One of the main critiques of the recently concluded Strange Fire conference is that John MacArthur and the Conference paint with a broad brush and thus tar everyone in the Charismatic movement including those that are more orthodox like Wayne Grudem and John Piper. Phil Johnson has spoken tangentially on the issue in his conference presentation Is there a baby in the Charismatic bathwater? here:

After the conference, Johnson addressed the issue of the broad brush in his blog article on the GTY website The Broad Brush here, making the claim that the orthodox party are covering up for their heretical friends, and thus questioning whether the brush was actually so broad at all since the difference between the orthodox party and their heretical ministry partners doesn't seem so great. The exact point being driven at is succinctly put forward in Tom Chantry's blog post that "any Charismatic belief engenders a lack of discernment, enabling the worst sort of Charismatic excess," a point confirmed by Phil Johnson:

So what are we to say about this? If the issue is the Charismatic movement as a whole, it is true that MacArthur is painting with a broad brush without sufficient nuancing and distinctions. If however the issue is how Charismatism results in little or no discernment, the conduct of Michael Brown and Sam Storms seems to go out their way to prove Johnson's point. Now, I do know Charismatic friends who warn against the charlatans in their movement. The problem is that they are nobodies in the movement. The leaders of the "Reformed Charismatics" like Sam Storms and Wayne Grudem have lent their credibility to heretics like Rick Joyner and Paul Cain. For those who claim to be more spiritual with the gift of speaking in tongues, their lack of discernment is rather telling I would say.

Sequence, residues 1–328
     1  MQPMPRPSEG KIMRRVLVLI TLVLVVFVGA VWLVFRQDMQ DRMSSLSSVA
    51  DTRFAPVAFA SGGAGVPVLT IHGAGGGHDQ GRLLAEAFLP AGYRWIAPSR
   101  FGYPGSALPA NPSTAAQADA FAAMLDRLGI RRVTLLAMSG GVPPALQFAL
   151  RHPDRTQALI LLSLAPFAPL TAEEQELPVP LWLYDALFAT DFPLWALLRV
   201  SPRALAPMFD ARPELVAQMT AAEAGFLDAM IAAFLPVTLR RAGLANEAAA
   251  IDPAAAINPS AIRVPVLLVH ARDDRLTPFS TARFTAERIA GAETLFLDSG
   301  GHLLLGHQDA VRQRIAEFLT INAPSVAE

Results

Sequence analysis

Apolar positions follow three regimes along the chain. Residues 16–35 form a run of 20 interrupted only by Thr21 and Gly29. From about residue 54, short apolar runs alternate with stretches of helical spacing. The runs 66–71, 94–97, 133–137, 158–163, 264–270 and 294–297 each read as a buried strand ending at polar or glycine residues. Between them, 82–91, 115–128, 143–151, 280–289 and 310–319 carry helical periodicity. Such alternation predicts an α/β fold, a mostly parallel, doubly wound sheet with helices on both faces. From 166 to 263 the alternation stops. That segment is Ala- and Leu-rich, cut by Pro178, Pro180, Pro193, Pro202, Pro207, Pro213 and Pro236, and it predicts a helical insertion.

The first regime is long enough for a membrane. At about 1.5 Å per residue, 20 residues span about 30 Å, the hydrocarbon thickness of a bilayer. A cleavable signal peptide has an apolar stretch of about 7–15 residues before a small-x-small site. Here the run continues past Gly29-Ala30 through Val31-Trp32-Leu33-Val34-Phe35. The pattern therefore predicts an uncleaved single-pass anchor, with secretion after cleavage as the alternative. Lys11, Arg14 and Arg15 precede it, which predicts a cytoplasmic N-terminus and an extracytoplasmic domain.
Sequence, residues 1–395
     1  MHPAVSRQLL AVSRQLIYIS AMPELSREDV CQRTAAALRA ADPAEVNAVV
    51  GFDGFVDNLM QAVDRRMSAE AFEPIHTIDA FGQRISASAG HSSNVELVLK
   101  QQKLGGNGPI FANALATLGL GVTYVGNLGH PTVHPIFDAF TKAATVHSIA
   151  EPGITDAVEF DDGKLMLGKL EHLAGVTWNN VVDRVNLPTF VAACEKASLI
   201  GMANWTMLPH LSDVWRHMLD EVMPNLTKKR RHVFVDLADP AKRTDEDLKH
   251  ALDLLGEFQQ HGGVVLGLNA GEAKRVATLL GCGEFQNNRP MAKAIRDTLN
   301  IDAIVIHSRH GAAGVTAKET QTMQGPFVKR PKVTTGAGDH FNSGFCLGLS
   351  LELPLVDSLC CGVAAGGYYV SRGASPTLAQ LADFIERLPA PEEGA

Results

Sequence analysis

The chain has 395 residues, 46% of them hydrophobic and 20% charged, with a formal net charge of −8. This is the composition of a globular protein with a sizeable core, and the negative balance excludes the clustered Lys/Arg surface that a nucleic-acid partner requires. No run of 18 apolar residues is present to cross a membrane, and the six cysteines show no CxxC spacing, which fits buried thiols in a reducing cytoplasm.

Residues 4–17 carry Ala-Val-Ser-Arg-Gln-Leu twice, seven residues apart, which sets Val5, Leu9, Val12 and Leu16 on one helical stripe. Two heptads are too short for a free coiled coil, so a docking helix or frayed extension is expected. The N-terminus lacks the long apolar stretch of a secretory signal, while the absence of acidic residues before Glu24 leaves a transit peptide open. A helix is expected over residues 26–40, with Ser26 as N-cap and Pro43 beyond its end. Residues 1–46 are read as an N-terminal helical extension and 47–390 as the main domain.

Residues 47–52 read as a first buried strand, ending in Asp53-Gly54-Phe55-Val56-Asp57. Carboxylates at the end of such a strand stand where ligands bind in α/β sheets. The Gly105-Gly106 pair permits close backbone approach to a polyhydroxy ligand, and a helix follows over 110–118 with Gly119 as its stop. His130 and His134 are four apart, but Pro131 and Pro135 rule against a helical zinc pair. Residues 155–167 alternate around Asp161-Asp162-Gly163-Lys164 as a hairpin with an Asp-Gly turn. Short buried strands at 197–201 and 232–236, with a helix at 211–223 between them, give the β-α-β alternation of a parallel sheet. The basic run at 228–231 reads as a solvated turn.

So in conclusion, if Phil Johnson's point is that Charismatism engenders a lack of discernment, the behavior of the "Reformed Charismatics" merely proved his point. In fact, I'm really interested to find any prominent Charismatic that actually warn against all of the charlatans associated with the Third Wave, including those less known like Randy Clark, John Arnott and Steve Hill.

Friday, October 25, 2013

DL: Dr. James White on cessation of the extraordinary charismata

In today's Dividing Line (Oct 24, 2013), Dr. James White helpfully interacted with the contents of the conversation of a caller calling in to Michael Brown on his Line of Fire show, as it deals with the issue of the Charismatic movement and John MacArthur's recently concluded Strange Fire conference.

Dr. White's manner of dealing with the sign gifts is definitely the way to go about doing it. More often than not, Charismatic (reformed or otherwise) treat the subject of the gifts atomistically, which is to say they isolate the question of the continuation of the gifts and deal with that question without situating the question within the larger context of redemptive history; within the whole issue of the purpose behind and function of the gifts. Those questions are not addressed holistically with the issue of the continuation of the gifts, but rather the Bible is treated ahistorically like a Systematics textbook just on THIS issue. It would really advance the argument if Charismatics can began to actually start addressing the Reformed Cessationist arguments instead of trotting out the same old rationale of there being no explicit mention of the cessation of the (extraordinary) charismata (I do note that some have tried, just not the rank and file "apologists").

Tuesday, October 15, 2013

The 1949 denunciation of the New Order of the Latter Rain (NOLR) by the Assemblies of God